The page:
Coppola v. Com., 781741

Citation220 Va. 243,257 S.E.2d 797
Decision Date30 August 1979
Docket NumberNo. 781741,781741
PartiesFrank COPPOLA v. COMMONWEALTH of Virginia. Record
CourtSupreme Court of Virginia

Augustus Anninos, J. Gray Lawrence, Jr., Norfolk (Howell, Anninos, Daugherty & Brown, Norfolk, on brief), for appellant.

Alan Katz, Asst. Atty. Gen. (Marshall Coleman, Atty. Gen., on brief), for appellee.


COCHRAN, Justice.

On September 26, 1978, Frank Coppola was convicted by a jury of capital murder during the commission of armed robbery in violation of Code § 18.2-31(d). 1 That same day, in the separate proceeding required by Code §§ 19.2-264.3 and -264.4, the jury heard evidence as to penalty and fixed Coppola's punishment at death, as authorized by Code § 18.2-10(a). After receiving the report of the probation officer, mandated by Code § 19.2-264.5, the trial court entered judgment upon the jury verdict.

The automatic review of the death sentence imposed upon Coppola has been consolidated with the appeal of his conviction and given priority on the docket. Coppola asks that his conviction be reversed and that the case be remanded for a new trial on all issues because of alleged errors in the proceedings below, or in the alternative, that the death sentence be commuted to life imprisonment.

The evidence shows that in April, 1978, Coppola, his wife, Karen, Joseph Elliott Miltier, and Donna Mills drove to the home of Peyton and Muriel Hatchell in Newport News. The plan was for Coppola, who was disguised as a priest, to gain admittance to the house, and for Miltier to follow him into the residence for the purpose of robbing Mrs. Hatchell. The plan failed, however, when Mrs. Hatchell refused to permit Coppola to enter. Several days later, on April 22, the group decided to try another ruse to gain admittance to the Hatchell home. As directed by Coppola and Miltier, Donna Mills purchased roses which she delivered to Mrs. Hatchell at the front door. Mills was armed with a pistol given to her by Coppola. She and Mrs. Hatchell became involved in a struggle and fell down, and Coppola and Miltier then entered the house and tied up Mrs. Hatchell. In an effort to force Mrs. Hatchell to reveal where she had hidden money, Coppola struck Mrs. Hatchell in the face and repeatedly beat her head against the floor. There was evidence that Miltier also struck Mrs. Hatchell with his fist.

Hatchell returned from work during this time and was beaten in the head with a pistol by Miltier. Coppola, with socks on his hands, choked Hatchell and his wife. The robbers took $3,100 in cash from Hatchell and tied him up. They took Mrs. Hatchell's rings from her fingers and ransacked the premises, searching for more money. After Coppola, Miltier, and Mills fled from the scene of the crimes in one of Hatchell's automobiles, and rejoined Karen Coppola, Hatchell freed himself and called for help. By the time help arrived, Mrs. Hatchell had already died as the result of the blows to her head. Investigating officers found five of her front teeth scattered throughout the house. The medical evidence was that Mrs. Hatchell had died as a result of "blunt force injuries complicated by aspiration." She had vomited while unconscious and the discharge had regurgitated into her windpipe. Her head, face and body were bruised and lacerated.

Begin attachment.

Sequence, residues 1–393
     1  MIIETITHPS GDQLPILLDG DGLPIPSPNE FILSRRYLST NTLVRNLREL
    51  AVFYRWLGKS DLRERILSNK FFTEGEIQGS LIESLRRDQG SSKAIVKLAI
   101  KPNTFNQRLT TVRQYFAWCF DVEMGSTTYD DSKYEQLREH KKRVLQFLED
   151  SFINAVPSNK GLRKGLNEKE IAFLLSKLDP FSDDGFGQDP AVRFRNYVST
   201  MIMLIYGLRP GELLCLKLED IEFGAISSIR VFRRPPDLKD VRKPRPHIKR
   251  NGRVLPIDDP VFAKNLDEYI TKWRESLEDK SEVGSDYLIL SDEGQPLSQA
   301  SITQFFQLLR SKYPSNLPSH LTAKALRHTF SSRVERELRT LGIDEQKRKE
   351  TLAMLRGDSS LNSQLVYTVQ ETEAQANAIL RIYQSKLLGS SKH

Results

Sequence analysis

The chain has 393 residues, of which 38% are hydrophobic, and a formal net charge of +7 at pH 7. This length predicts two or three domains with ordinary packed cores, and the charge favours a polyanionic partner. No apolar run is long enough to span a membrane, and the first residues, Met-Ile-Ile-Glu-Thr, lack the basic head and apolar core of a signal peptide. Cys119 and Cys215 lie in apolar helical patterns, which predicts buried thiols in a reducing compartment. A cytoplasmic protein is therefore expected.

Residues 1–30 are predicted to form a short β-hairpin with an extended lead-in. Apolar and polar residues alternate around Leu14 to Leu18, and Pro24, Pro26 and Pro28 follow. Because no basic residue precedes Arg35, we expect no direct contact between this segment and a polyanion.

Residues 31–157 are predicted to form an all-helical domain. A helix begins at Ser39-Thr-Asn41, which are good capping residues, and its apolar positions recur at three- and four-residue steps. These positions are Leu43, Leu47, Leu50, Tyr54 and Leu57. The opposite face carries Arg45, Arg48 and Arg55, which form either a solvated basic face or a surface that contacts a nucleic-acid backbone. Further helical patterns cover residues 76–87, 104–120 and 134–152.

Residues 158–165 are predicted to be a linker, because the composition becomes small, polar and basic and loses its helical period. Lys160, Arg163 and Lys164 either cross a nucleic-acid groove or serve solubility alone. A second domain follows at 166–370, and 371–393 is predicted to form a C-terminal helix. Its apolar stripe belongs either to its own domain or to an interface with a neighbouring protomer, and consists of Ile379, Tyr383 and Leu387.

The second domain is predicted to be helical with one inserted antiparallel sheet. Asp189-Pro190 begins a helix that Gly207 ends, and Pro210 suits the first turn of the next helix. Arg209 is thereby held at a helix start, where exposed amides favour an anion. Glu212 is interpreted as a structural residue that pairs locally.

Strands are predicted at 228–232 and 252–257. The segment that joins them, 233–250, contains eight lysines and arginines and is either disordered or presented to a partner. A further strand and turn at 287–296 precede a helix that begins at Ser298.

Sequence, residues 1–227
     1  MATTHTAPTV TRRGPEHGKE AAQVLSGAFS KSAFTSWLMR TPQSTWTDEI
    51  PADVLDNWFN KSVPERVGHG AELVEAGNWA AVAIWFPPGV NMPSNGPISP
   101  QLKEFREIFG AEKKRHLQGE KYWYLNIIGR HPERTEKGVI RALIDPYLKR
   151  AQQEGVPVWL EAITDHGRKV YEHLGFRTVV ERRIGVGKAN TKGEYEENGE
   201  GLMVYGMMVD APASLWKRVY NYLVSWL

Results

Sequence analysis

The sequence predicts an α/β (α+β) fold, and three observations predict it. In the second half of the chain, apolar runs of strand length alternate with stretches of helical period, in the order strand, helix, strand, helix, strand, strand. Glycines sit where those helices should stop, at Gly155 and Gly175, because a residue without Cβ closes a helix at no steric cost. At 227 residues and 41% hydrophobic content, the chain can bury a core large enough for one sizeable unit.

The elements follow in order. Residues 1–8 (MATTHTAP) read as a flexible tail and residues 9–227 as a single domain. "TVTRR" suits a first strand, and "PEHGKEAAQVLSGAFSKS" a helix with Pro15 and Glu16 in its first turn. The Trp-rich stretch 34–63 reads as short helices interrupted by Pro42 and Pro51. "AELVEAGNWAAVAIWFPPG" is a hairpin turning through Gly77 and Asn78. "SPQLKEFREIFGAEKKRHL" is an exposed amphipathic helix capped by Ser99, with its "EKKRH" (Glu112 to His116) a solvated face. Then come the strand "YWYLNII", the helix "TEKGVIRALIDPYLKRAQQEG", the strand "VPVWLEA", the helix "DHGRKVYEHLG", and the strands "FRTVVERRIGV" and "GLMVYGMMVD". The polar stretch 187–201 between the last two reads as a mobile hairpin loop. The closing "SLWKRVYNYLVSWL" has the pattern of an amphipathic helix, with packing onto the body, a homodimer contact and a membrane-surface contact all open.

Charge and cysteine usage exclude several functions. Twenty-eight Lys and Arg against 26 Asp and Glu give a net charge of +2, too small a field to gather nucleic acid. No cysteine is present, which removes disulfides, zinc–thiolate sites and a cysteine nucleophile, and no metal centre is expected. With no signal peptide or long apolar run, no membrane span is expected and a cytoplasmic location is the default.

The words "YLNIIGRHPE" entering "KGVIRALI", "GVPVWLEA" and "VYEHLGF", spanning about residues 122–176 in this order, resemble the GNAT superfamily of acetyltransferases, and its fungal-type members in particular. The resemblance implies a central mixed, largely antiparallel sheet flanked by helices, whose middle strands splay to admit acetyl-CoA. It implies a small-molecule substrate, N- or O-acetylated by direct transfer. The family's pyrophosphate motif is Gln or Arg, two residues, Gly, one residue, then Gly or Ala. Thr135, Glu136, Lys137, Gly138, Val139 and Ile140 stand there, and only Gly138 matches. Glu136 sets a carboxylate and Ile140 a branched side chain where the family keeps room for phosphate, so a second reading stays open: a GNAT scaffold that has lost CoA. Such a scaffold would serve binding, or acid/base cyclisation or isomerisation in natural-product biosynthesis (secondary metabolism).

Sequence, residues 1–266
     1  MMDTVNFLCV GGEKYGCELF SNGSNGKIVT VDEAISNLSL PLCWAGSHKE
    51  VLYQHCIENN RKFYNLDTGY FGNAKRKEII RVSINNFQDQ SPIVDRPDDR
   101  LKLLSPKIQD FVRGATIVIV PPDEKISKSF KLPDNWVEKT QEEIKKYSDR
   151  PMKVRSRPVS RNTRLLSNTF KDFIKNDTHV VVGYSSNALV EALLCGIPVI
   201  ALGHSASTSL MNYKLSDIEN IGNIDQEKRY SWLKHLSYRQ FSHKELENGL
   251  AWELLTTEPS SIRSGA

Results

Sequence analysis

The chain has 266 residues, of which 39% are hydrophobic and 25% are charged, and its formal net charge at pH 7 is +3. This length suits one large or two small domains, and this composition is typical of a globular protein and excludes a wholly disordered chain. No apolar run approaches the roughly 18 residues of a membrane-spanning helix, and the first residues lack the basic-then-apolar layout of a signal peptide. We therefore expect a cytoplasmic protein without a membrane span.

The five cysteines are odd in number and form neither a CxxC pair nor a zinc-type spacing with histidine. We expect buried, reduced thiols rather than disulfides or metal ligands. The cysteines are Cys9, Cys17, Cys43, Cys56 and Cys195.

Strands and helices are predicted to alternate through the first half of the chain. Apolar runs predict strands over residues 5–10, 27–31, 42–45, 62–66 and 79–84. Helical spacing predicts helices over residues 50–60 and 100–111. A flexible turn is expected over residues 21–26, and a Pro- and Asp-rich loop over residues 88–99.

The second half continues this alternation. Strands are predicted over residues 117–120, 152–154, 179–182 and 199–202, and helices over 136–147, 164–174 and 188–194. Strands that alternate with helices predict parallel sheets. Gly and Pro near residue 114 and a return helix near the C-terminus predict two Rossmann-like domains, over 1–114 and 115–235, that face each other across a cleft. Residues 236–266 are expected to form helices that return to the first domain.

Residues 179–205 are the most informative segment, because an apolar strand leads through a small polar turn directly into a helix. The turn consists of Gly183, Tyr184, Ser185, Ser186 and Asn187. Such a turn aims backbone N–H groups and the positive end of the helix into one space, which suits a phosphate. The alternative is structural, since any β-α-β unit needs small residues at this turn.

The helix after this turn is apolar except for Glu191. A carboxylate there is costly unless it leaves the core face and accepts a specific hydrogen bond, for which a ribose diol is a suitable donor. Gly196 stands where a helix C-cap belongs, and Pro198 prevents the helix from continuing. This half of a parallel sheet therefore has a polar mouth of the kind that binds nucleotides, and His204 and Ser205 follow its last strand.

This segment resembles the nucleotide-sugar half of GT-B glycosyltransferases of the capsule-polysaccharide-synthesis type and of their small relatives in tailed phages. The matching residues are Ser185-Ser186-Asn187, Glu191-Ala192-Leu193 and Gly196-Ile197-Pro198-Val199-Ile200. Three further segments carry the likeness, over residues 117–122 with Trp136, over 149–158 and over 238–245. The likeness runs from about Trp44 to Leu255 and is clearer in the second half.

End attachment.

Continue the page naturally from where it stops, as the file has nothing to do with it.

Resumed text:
Mills was subsequently arrested in connection with the offenses against the Hatchells. At first, she denied any involvement in the crimes but later, after having entered into a plea bargain with the Commonwealth under which the Commonwealth agreed to recommend that she receive life imprisonment for Mrs. Hatchell's murder, she gave detailed information about the crimes. She testified against Miltier whose trial ended less than two weeks before Coppola's trial began, and Miltier was found guilty of capital murder by a jury which fixed his punishment at life imprisonment. Mills was the chief prosecution witness against Coppola at his trial. Hatchell, who also testified, was unable to identify Coppola as one of the assailants.

Coppola has raised on brief and in oral argument various questions as to his conviction and his sentence, which we shall discuss under separate headings.

1. Pretrial Proceedings.

A. Change of venire.

Coppola filed a motion for a change of venue, which he supported by copies of news articles and transcripts of radio and television broadcasts to show that because of prejudicial media coverage he could not receive a fair and impartial trial in Newport News. The motion was modified to a motion for a change of venire, and, as modified, was denied. Coppola renewed the motion and alleged, in addition to the grounds previously asserted, that the extensive publicity given to the Miltier trial, in which Coppola's wife, Karen, had testified as a witness for the Commonwealth, made it impossible for Coppola to obtain a fair trial by a Newport News jury.